Influence is one of the defining texts on the psychology of persuasion. In this post, we explore the six major principles of persuasion and how you can use them in your life to supercharge your ability to change other people’s minds.
We get a lot of emails from people asking us about the psychology of persuasion. Learning about the ways people (honestly and dishonestly) influence you is one of the best things to learn early in life.
But it’s never too late.
The Psychology of Persuasion
The go-to book on the psychology of persuasion is Robert Cialdini’s Influence. Cialdini has spent a lifetime researching the psychology of compliance.
The book highlights six principles of persuasion, which most commonly and effectively are used by compliance practitioners.
We all employ them and fall victim to them, to some degree, in our daily interactions with neighbors, friends, lovers, and offspring. But the compliance practitioners have much more than the vague and amateurish understanding of what works than the rest of us have. … It is odd that despite their current widespread use and looming future importance, most of us know very little about our automatic behavior patterns. Perhaps that is so precisely because of the mechanistic, unthinking manner in which they occur. Whatever the reason, it is vital that we clearly recognize one of their properties: They make us terribly vulnerable to anyone who does know how they work.
These principles work via near-automatic response – a “nearly mechanical process by which the power within these weapons can be activated, and the consequent exploitability of this power by anyone who knows how to trigger them.”
People will be nice if you’re nice to them. Therefore, if you do something first, by giving them something or doing something nice for them, it is more likely to come back to you. The key is to go first and go positive. And, at least in this case, size doesn’t matter. Something as small as a pen has been shown to influence people well beyond its monetary value.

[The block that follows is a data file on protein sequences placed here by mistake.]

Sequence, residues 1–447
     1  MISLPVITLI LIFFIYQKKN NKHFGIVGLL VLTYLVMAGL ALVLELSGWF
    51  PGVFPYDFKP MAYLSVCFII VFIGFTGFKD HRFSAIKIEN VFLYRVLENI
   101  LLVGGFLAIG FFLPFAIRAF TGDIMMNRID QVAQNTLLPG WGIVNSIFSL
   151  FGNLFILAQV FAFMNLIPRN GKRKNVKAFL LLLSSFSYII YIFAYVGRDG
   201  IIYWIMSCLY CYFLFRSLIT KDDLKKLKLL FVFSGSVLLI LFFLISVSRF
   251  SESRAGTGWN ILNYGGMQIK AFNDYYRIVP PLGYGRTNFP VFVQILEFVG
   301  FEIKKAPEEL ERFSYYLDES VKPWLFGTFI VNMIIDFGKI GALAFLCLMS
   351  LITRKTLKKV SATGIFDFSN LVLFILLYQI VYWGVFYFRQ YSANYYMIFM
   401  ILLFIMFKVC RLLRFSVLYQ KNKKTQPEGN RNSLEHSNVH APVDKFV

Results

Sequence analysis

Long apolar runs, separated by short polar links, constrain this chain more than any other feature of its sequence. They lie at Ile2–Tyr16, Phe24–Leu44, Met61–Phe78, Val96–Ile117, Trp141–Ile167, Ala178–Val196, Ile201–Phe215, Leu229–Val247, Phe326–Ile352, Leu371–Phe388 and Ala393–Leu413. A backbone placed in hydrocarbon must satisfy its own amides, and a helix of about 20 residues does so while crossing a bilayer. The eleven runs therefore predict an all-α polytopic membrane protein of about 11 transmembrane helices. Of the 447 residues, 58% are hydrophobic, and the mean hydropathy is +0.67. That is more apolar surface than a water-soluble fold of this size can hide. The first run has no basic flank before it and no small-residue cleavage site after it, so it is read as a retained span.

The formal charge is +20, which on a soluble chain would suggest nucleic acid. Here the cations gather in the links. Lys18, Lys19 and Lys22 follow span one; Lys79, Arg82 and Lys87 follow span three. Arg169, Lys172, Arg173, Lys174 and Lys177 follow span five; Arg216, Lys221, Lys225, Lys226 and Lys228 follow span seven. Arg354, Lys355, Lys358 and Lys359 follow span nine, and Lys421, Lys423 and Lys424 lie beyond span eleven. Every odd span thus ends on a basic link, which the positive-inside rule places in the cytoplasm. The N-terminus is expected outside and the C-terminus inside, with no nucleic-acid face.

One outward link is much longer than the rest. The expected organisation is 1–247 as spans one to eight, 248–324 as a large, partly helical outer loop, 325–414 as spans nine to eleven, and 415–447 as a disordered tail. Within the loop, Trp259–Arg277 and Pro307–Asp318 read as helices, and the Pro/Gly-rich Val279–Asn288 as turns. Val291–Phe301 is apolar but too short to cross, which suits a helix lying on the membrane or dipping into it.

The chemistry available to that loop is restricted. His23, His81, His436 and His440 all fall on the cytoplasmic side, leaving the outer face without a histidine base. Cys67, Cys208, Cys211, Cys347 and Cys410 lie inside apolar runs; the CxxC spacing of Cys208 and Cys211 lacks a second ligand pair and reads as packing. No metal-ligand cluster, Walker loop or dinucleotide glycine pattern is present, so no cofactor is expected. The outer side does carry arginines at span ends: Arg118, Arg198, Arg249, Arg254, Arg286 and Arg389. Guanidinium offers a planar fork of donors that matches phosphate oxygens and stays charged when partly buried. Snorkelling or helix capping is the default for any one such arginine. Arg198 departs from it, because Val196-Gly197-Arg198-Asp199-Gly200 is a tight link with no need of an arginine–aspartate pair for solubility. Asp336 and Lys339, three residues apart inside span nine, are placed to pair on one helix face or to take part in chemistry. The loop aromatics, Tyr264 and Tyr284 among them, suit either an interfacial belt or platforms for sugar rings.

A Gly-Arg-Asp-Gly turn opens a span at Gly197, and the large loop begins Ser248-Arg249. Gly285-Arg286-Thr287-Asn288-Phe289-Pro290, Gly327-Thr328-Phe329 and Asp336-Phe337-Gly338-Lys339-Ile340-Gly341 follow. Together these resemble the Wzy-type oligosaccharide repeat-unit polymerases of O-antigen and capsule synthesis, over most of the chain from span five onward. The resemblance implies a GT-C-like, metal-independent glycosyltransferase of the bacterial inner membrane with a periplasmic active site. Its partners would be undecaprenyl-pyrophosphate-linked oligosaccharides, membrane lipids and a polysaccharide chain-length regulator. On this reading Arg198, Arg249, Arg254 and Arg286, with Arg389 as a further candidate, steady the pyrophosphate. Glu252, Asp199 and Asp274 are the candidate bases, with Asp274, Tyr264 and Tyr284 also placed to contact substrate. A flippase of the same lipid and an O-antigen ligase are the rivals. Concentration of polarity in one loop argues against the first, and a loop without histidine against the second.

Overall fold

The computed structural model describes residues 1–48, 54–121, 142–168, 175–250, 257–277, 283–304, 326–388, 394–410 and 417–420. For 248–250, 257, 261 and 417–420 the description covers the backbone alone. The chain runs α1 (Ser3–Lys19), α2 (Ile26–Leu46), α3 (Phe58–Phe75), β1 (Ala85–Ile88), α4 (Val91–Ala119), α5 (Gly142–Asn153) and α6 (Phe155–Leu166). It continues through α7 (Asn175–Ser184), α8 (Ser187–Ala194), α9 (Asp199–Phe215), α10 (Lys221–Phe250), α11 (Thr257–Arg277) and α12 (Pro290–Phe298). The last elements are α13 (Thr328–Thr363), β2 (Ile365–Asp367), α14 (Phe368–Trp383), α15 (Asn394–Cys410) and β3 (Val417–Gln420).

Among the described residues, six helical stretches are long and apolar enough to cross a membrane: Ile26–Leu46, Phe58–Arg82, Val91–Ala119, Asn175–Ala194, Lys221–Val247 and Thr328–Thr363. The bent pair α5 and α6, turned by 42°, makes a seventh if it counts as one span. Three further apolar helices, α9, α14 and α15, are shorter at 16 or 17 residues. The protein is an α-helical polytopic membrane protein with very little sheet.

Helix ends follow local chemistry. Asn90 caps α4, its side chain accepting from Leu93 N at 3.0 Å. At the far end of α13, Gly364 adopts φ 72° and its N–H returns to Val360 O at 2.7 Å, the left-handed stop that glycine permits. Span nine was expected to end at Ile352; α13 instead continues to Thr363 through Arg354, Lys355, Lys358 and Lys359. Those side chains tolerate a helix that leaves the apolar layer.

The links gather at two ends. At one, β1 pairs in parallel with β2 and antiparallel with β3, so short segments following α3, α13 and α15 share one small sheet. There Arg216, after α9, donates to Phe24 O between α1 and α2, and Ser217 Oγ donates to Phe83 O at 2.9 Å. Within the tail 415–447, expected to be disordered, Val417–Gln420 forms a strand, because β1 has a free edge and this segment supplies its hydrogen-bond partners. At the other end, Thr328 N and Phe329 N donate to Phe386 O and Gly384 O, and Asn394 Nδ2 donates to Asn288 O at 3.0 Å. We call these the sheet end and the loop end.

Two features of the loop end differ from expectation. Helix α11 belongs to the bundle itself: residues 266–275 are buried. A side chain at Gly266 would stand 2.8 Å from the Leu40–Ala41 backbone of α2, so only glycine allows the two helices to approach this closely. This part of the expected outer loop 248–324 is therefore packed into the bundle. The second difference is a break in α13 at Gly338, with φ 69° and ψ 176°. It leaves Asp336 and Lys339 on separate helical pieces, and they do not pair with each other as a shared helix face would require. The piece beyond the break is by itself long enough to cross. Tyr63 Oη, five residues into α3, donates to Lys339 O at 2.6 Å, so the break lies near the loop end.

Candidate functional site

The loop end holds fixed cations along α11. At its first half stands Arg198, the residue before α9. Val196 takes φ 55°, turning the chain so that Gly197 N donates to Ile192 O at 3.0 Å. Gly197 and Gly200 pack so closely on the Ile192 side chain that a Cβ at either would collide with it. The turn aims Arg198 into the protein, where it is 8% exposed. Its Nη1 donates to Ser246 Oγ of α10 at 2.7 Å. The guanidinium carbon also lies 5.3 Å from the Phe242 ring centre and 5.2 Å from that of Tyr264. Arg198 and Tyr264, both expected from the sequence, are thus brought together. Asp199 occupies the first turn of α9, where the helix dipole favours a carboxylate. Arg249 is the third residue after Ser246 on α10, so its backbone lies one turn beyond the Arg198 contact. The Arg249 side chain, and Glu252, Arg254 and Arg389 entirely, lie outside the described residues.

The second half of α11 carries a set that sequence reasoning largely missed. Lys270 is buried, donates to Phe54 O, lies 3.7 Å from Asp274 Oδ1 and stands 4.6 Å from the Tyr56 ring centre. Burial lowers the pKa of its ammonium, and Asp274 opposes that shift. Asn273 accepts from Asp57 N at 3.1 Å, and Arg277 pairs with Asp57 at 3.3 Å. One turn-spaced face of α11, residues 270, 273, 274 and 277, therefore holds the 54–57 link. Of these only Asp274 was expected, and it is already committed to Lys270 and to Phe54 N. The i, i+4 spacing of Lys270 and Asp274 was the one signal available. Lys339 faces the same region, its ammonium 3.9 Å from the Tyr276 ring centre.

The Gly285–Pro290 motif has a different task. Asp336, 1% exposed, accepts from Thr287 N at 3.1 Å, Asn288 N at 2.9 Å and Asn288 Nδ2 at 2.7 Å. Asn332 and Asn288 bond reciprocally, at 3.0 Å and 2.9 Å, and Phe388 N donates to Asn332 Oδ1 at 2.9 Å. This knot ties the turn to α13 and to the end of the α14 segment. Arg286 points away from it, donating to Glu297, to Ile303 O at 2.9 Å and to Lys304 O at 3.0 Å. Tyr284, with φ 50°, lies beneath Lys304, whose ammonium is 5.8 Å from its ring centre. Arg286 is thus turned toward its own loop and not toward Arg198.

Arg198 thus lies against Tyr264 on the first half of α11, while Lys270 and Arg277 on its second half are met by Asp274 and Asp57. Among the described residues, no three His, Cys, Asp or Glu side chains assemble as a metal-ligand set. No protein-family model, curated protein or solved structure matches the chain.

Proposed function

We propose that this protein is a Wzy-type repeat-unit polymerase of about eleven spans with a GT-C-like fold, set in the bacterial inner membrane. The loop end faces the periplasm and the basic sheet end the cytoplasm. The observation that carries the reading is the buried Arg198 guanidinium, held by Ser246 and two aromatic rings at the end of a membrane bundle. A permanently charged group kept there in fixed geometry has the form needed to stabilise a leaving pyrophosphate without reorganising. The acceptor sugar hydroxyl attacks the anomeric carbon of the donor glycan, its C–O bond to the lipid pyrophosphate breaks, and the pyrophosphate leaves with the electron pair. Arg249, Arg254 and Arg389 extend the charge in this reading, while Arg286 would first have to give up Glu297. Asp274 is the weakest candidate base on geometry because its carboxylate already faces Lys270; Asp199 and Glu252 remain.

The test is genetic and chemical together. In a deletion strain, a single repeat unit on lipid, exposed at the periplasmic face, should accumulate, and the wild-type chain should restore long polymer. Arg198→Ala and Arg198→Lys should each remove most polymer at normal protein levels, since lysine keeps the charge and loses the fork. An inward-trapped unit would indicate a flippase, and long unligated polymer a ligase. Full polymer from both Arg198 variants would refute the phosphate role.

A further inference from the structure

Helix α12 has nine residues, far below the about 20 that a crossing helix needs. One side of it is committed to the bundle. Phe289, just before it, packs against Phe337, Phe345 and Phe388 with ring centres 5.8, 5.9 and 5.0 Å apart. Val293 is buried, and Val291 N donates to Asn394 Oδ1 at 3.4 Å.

Reciprocation is the basis of cashing in points, calling in a favor, owing other people one, etc.
The reason it works so well is that you have two choices, you either act in a socially approved way by giving in to a request or decline and face (perceived or real) shame. And we want to say yes because this is a way to avoid confrontation.
Reciprocation also works on multiple levels. We are more likely to trust someone who trusts us. We share secrets with people who share secrets with us.
One way to resist this is to refuse the initial favor or gift. Once you accept, it becomes harder to stay outside the influence.
Once we have made a choice or taken a stand, we will encounter personal and interpersonal pressures to behave consistently with that commitment.
It’s easier to get people to comply with requests that they see as consistent with what they’ve already said (especially in your presence.)
This is the basis for one of the best interview hacks, we’ve ever seen. If you ask people to state their priorities and goals and then align your proposals with that in mind, you make it harder for people to say no.
Consistency is also the basis for the Ikea Effect and why a little pain makes something more attractive.
Say less at work and you’ll be more flexible when things change. Also, examine why you want to comply and if things have changed. And keep a decision journal so you can see how often you’re wrong — there is no point holding on to bad ideas.
Once you’ve got a man’s self-image where you want it, he should comply naturally with a whole range of your requests that are consistent with this new view of himself.